On the latest Facing the Future, I was joined by Concord Coalition Executive Director, Bob Bixby, and Policy Director, Tori Gorman. We discussed the fiscal and economic challenges facing the President and Congress over the next four years as well as action-forcing events on fiscal policy.
This program was recorded on election day, in advance of any election results. So, although the show aired during election week, it makes no reference to who won the White House or other elected offices. The program, however, did cover key issues that whoever occupies the Oval Office during the next four years will very likely face.
[Note: Portions of this week’s Facing the Future can be seen in the video clip posted below.]
Bixby started with the fiscal and economic picture right now and then looked to the future.
“The budget deficit for the fiscal year that ended at the end of September 2020, was $3.1 trillion; very large as a percentage of the economy … like WWII level large,” Bixby said. “That is significantly worse than was projected at the beginning of the year, which was already pretty bad, but the immediate cause of that was the money spent and economic slowdown caused by the pandemic.”
Bixby added that, in January, the President is going to be facing a sea of red ink, with two inherent problems: 1) a need to control the pandemic so the economy and budget can recover, and 2) preexisting conditions that have formed trillion-dollar, structural budget deficit projections.
“That’s going to be job one for the President in the first budget,” he said. “A) What are you going to do about the pandemic, and B) what does your underlying budget look like?”
The next president, or a second term for President Trump, will not only have to deal with the immediate crisis, but also any other challenges that arise over the next four years.
“Our fiscal problems don’t go away just because we get the virus under control, which we haven’t done yet,” Bixby said.
And there’s a real possibility that the budget deficit for next year is even larger than currently projected, depending upon how the economy responds and how large any additional Congressional-relief packages might be.
Gorman provided insight on where large and important programs like Social Security and Medicare were headed in the near term, along with some longer-term implications.
“The trajectory of the economy, the estimates of payroll tax revenues that support some of those programs, the retirement decisions that certain people make in a crisis when jobs disappear, you throw all those together, and we’ve definitely seen some changes in the financial health of some of our major entitlement programs,” Gorman said. “The most recent long-term budget outlook produced by the Congressional Budget Office estimated that the Medicare Part A trust fund is expected to be exhausted by Fiscal 2024 and the anticipated exhaustion date of the disability program within Social Security has been bumped up to 2026.”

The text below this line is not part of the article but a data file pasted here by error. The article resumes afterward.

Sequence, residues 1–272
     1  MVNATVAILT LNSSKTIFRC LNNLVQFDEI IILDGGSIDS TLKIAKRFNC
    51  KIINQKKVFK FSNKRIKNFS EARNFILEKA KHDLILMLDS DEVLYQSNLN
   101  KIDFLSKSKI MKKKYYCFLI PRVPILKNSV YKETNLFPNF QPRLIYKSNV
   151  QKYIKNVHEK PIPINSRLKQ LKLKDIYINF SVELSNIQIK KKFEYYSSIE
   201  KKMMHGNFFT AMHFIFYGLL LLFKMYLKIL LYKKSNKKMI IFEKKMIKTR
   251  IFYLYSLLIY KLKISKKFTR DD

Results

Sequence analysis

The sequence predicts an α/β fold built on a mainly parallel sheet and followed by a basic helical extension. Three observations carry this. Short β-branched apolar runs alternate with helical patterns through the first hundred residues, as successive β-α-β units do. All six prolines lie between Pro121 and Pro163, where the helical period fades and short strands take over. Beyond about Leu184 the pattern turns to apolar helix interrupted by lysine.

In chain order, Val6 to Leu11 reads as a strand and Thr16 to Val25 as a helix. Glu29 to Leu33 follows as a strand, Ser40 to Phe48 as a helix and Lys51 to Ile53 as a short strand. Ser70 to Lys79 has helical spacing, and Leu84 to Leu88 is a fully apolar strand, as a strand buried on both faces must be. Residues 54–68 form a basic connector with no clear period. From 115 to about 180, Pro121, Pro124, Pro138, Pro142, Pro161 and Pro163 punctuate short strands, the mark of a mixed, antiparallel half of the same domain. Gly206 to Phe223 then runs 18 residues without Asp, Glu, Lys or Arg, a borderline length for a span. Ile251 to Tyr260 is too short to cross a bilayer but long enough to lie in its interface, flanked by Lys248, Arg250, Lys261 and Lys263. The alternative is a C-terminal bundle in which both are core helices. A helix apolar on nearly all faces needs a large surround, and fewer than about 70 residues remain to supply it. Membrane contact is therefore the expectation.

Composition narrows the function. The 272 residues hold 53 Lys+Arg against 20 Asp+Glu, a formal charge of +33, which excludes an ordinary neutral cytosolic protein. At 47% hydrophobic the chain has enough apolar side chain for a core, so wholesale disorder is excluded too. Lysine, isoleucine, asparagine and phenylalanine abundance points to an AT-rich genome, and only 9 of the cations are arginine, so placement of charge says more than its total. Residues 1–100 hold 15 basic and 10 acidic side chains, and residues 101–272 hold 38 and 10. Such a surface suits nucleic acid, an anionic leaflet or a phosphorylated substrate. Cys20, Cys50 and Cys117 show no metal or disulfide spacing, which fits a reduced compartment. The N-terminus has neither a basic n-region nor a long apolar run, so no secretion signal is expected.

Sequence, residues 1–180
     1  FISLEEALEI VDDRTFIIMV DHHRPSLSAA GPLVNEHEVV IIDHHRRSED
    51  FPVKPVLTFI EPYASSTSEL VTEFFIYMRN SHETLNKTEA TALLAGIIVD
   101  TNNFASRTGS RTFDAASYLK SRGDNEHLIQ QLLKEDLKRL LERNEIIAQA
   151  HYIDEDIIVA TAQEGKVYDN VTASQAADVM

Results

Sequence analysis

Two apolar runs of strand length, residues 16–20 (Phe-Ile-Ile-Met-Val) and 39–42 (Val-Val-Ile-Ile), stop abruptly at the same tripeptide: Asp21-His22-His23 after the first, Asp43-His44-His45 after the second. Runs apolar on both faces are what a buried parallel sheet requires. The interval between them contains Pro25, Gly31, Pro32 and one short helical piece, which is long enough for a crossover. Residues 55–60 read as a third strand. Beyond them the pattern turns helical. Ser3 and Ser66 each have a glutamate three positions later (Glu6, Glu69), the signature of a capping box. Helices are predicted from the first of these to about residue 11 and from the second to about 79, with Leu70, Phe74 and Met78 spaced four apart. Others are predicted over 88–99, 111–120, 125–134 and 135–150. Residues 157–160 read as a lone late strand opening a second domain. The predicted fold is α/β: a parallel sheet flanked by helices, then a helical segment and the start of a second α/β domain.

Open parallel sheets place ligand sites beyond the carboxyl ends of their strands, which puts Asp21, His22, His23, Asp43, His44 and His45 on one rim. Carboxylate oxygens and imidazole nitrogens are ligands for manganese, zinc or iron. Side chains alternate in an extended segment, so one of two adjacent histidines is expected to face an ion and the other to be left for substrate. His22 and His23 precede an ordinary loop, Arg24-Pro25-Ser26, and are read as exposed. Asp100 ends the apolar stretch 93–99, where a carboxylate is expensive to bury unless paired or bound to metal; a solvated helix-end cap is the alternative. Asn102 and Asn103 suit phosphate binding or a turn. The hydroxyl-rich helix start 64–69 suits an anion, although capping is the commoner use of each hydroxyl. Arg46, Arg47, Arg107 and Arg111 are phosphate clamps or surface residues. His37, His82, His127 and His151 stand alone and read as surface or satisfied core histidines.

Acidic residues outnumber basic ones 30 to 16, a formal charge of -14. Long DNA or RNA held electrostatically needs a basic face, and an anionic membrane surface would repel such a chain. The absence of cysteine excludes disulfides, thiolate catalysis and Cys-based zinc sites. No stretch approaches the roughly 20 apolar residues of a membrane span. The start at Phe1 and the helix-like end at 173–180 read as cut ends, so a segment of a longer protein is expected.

Both would be within the 10-year budget window that the next administration would be dealing with, she added. And the longer we wait to address such challenges, the harder and more painful the policy decisions will be and the harder it will be to protect the most vulnerable populations from those decisions.
From Gorman’s view, action forcing events facing elected leaders focus primarily on legislation that must be passed, such as appropriations bills and timely reauthorization of key programs.
Bixby took a broader view, and quipped, “I really wish taking the oath of office on inauguration day was an action forcing event.”
He added that the challenge with fiscal policy is there are rarely defined tipping points for issues like budget deficits and the national debt. It is simply a question of sustainability.
“You have to be thinking about the long-term health of the economy, and the reason CBO and others say that the debt is on an unsustainable track is that it can’t grow faster than the economy forever,” Bixby said.
However, Gorman highlighted some fast-approaching action forcing events for fiscal policy related issues, like funding the government beyond December, possibly extending relief provisions from the CARES Act that have expired, deciding whether to forgive a recent payroll tax deferral, continuing suspension of certain excise taxes or again renewing what are called “tax extenders.”
And many of those measures, if considered “must-pass” legislation, could become part of larger “kitchen sink” legislation or end up with costly riders, she said.
When you take a look at the 2021 calendar, there are additional items with deadlines that will need to be addressed as well, Gorman said.
Looking ahead, she advised policymakers that the only lasting legislation and policy solutions are those that are bipartisan.
“I know the trend has been to use things like reconciliation — special procedures that allow one party to jam the other party with their own policy agenda — but because of the restrictions associated with these procedures, you end up with poorly drafted legislation that’s never permanent,” Gorman said. “It’s my hope that both parties would learn from their experiments and actually try to work together in a bipartisan fashion.”
Bixby agreed and then provided a list of five recommendations on how elected leaders should approach fiscal policy moving forward.
Hear more on Facing the Future. I host the program each week on WKXL, NHTalkRadio.com (N.H.), and it is also available via podcast. Join me and my guests as we discuss issues relating to national fiscal policy with budget experts, industry leaders and elected officials. Past broadcasts are available here. You can subscribe to the podcast on Spotify, Pandora, iTunes, Google Play Music or with an RSS feed. Follow Facing the Future on Facebook and watch videos from past episodes on The Concord Coalition YouTube channel.